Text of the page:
According to one embodiment, the first seed for a particular encryption interface module 114 can be generated when the encryption interface module first activates with KSS 110. Turning now to FIG. 6A, upon activation of a license with the KSS 110 the KSS 110 can create the initial new seed. Accordingly, KSS can generate a new random number, (new random number 338) (FIG. 3C) (step 602) and sets the old random numberi 340 to “empty” (step 604). KSS 110 encrypts the seed block 302 as the “new seed” having the “new random” number, as new random number 338 and an empty old random number 340 (step 606). In a process step 608, the KSS 110 sets the old seed to “empty” (e.g., sets the “new random” numberi-1 346 and old random numberi-1 348 to empty). Using the simplified example of a single digit random number, an example set of random numbers encrypted in the old and new seeds is set forth below for the case of i=1 (e.g., when the encrypted file system interface module is activated):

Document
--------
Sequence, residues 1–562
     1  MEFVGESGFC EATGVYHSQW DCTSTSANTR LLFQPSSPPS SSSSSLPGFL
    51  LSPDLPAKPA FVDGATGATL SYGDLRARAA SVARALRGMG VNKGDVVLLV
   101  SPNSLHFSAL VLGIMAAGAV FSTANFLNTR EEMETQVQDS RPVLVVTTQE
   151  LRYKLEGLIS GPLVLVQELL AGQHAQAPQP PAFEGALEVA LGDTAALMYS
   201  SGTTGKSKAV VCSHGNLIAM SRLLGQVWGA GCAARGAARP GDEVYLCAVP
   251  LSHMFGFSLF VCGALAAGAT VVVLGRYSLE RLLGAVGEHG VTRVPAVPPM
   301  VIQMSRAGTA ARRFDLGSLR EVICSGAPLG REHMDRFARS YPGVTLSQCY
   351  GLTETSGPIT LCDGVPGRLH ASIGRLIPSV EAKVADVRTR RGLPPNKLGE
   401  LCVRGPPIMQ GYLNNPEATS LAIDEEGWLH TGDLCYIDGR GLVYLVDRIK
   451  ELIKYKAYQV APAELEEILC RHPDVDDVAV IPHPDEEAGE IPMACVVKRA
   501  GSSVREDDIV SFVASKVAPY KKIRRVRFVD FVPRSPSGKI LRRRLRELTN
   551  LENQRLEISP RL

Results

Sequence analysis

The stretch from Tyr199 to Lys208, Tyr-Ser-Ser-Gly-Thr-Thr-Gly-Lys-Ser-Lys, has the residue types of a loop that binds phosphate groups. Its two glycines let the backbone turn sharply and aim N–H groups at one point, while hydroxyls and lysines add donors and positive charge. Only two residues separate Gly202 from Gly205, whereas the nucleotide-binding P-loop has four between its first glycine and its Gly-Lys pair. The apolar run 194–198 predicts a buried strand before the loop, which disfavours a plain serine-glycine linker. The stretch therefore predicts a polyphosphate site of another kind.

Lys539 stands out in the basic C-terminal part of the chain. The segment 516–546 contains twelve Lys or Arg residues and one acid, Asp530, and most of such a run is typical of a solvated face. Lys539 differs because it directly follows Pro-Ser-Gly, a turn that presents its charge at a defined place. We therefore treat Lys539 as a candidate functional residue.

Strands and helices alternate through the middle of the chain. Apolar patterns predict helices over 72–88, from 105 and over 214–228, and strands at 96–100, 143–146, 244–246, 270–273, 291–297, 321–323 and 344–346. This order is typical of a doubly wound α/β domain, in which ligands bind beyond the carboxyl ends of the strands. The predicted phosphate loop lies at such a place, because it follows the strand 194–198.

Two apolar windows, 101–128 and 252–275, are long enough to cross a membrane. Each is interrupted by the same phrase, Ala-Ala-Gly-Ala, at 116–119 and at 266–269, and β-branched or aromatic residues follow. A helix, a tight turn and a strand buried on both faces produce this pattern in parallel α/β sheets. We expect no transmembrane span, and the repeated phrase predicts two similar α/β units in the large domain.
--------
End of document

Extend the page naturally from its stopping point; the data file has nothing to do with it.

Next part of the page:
• a. New seedi:
      • i. “new random” numberi=3
      • ii. “old random” numberi=0
    • b. Old seedi:
      • i. “new random” numberi-1=0
      • ii. “old random” numberi-1=0

Finally, in a process step 610, the KSS 110 sends the new seed and the old seed to the encryption interface 114.

A subsequent request from the encrypted file system interface module 114 should include at least one of the new seed or old seed. When a valid request is received, KSS can update the seeds. FIG. 6B illustrates seed alternation operation when the KSS 110 receives a request from the encryption interface 114. At a process step 652, the KSS 110 will decrypt the seed block and compare the new seed or old seed received in the request with the expected new seed or old seed (as discussed above). For example, the KSS can decrypt a seed block 302 and compare the license, ID and new random numbern and old random numbern to an expected combination of license, ID and “new random” numbers.